Who’s table is it anyway? What should restaurants do with customers that won’t leave?

I recently was in the fortunate position to be able to compare and contrast two similar difficult situations that were handled differently. It’s rare in life that you get to consider a situation and your response to it after witnessing it handled in two different ways and seeing the results. The situation is as follows. Most of the time, when I go out to eat, I make a reservation. I take reservations very seriously. I show up on time. And on the rare occasion that I need to cancel a reservation or will be more than a couple of minutes late, I call the restaurant to let them know. For me, the reservation is sacred. A restaurant is granting you a spot in their precious schedule (typically you don’t need a reservation if their schedule isn’t all that full) with no commitment on your part. You can even blow them off with no consequences to you (and many do). But such is the business and I try to hold up my end of the bargain. (Yes I know there are some restaurants that demand credit cards and issue cancellation fees, but they are few and far between.) As the owner of my own small business, I understand how scarce time and resources can be, and I don’t want to waste theirs.

And when I arrive at the restaurant, I understand that I may not be seated exactly at the time of my reservation. I understand that the flipside of taking reservations on the honor system is that shit happens, and things run late sometimes, and that the restaurant tries to leave time between everyone so tables become available at the right time, but that’s not always possible.

This is very different than my conception of the reservation with airlines and doctors. In those cases I’ve typically already given my money which they will keep whether I show up or not. Why there is no government investigation into how an airline can sell you a seat on a plane and then tell you it’s full is a crime against humanity. I especially love the airlines use of the “overbooked” euphemism as if it somehow absolves them of responsibility. “The flight was overbooked.” Who the hell overbooked it? OK. Sorry. Moving on.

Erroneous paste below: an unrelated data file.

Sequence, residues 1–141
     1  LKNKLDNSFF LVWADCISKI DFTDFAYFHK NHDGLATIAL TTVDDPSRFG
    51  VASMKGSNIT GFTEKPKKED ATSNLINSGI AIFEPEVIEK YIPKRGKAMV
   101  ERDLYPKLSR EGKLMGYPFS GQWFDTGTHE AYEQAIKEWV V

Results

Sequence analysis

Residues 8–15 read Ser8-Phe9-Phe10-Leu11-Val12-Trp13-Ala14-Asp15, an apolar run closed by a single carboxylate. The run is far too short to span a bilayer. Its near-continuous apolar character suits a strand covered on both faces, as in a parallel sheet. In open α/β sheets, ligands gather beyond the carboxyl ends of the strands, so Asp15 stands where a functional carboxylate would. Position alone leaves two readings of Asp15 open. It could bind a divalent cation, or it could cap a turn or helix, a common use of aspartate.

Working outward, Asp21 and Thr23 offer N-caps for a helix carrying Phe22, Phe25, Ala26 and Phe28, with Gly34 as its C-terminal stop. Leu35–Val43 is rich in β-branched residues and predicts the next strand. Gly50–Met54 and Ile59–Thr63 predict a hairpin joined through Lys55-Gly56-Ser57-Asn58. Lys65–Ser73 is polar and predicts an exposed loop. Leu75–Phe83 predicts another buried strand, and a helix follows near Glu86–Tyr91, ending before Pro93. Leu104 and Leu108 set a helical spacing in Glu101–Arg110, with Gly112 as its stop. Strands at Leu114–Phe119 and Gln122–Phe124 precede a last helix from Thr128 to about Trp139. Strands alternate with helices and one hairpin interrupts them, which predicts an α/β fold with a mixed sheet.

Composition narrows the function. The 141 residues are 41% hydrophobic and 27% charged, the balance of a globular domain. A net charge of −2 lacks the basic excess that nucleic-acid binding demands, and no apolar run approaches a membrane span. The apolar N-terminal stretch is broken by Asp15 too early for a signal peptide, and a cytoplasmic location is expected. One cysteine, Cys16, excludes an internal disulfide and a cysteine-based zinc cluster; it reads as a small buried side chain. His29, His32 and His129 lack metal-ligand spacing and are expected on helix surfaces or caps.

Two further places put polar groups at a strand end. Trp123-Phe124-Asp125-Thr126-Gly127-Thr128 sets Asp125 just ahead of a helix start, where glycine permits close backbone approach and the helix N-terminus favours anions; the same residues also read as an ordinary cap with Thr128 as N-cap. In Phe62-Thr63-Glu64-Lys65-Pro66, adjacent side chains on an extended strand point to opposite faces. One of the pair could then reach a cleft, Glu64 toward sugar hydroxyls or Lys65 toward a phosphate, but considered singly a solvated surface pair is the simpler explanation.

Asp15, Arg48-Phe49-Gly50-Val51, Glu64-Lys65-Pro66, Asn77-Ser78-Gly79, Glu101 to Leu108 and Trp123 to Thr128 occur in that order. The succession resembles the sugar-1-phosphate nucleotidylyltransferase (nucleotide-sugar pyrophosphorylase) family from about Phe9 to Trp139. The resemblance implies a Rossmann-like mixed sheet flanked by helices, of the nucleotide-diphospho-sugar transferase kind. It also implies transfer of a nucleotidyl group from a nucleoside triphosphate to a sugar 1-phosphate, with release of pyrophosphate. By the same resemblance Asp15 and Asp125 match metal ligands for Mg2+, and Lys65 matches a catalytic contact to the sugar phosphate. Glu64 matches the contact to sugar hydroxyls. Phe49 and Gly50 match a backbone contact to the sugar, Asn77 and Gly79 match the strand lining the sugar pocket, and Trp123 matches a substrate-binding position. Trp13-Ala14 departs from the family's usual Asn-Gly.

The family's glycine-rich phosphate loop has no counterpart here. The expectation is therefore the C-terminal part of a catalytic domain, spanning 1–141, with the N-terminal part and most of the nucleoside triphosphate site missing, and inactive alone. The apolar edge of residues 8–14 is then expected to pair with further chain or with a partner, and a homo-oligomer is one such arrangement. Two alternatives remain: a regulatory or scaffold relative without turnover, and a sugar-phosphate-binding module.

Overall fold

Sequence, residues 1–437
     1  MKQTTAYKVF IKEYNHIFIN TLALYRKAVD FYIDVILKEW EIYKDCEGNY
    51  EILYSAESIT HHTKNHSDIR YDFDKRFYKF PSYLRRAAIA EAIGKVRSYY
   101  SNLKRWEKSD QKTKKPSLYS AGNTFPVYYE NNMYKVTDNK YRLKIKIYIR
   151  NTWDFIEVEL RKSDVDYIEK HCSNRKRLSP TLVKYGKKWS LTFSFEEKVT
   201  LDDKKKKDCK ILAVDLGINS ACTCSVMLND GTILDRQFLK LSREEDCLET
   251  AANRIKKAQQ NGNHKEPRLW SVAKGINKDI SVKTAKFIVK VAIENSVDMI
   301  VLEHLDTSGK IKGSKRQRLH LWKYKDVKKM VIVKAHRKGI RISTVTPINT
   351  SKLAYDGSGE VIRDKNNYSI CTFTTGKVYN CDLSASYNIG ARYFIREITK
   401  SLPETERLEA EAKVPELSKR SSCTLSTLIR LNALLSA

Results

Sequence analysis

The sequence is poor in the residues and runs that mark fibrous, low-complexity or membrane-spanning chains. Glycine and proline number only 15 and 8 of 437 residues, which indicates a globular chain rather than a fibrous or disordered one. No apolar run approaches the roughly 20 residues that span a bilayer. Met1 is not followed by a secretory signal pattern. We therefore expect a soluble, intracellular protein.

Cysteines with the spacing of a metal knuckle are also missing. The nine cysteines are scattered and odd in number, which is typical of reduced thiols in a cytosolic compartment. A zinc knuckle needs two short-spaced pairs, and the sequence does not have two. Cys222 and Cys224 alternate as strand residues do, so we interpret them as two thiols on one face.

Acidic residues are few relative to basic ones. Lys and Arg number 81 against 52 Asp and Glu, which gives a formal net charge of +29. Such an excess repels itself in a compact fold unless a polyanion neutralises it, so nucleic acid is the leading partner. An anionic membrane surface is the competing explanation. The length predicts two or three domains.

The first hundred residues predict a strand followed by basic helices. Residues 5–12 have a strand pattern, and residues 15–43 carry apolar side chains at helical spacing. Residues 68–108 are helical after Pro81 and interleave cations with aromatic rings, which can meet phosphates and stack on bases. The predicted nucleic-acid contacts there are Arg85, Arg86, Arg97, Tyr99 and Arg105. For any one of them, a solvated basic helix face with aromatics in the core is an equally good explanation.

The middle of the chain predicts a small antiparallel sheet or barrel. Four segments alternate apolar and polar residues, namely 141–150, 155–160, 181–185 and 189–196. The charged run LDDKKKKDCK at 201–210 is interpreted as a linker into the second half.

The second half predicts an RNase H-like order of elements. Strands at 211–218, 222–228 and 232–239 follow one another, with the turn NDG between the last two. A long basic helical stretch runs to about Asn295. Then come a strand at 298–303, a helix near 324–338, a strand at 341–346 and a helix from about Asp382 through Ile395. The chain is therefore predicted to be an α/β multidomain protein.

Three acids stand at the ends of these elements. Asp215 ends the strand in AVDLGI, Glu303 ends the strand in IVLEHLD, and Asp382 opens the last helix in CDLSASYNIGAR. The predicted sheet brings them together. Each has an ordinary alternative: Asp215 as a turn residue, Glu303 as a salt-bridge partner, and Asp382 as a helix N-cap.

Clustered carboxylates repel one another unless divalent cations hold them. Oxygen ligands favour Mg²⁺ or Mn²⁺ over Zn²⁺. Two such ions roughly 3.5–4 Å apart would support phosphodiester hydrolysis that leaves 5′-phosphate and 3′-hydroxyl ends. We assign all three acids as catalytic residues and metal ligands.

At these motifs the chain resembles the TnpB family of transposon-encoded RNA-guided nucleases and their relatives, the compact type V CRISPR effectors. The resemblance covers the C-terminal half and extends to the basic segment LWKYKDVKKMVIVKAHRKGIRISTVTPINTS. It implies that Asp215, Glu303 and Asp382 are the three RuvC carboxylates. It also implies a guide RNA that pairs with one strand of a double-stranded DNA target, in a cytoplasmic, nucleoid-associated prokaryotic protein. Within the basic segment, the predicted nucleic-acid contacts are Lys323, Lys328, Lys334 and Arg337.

A couple of weeks ago I went to dinner at a restaurant that is fast becoming a favorite of mine in Seattle. The restaurant is Tilth. It’s a small place set in a little cute house with not too many tables over a dozen. I booked weeks in advance an 8:30 reservation for six of us to have a celebratory dinner. We showed up at 8:30 on the nose. Our table wasn’t ready. Within a few minutes, the friendly host came by and assured us it wouldn’t only be a few minutes as the folks at our table had just gotten their check. He was wrong. It took an hour. I have to admit that setting our expectations poorly didn’t help matters. It’s the opposite of the Disney trick where they tell you a line is longer than it is so you feel good at the end of the line about how quickly it went. Now… throughout our hour of annoyance, the host came out and apologized profusely several times. He offered us some snacks in the waiting area. He did the best he could, but nothing could move these chatty people out of their seats. Our icy glares at their backs seem to have little to no effect either.

Finally, out of frustration, I at one point asked the host if he would just tell them that there was another party waiting for their table. He politely told me he understood, but that there was simply no way he was ever going to ask them to leave. I told him I understood, though it did little to alleviate my frustration. And I did understand. The dining experience is a escape. It’s a place where you show up, you ask for food, and then it magically shows up. Perfect. Someone made it for you. Just for you. And they’ll keep bringing you food, and drinks, and waiting on you, even taking away your trash and cleaning everything for as long as you sit there. There’s no timer. There’s nothing taxing your experience. No pressure. Just ease, and comfort, and relaxation. Easy. And so I understand why the host wouldn’t corrupt this experience for these diners. Odds are, they’d never be back. It would basically ruin their evening. All other thoughts and impressions of the meal would be forgotten, replaced by the shock and anger as a result of the invasion of their peaceful night out. A friend of mine who’s parents ran a restaurant for many years would stay until the wee hours of the morning if just one party was still enjoying their conversation. The would never ever say anything.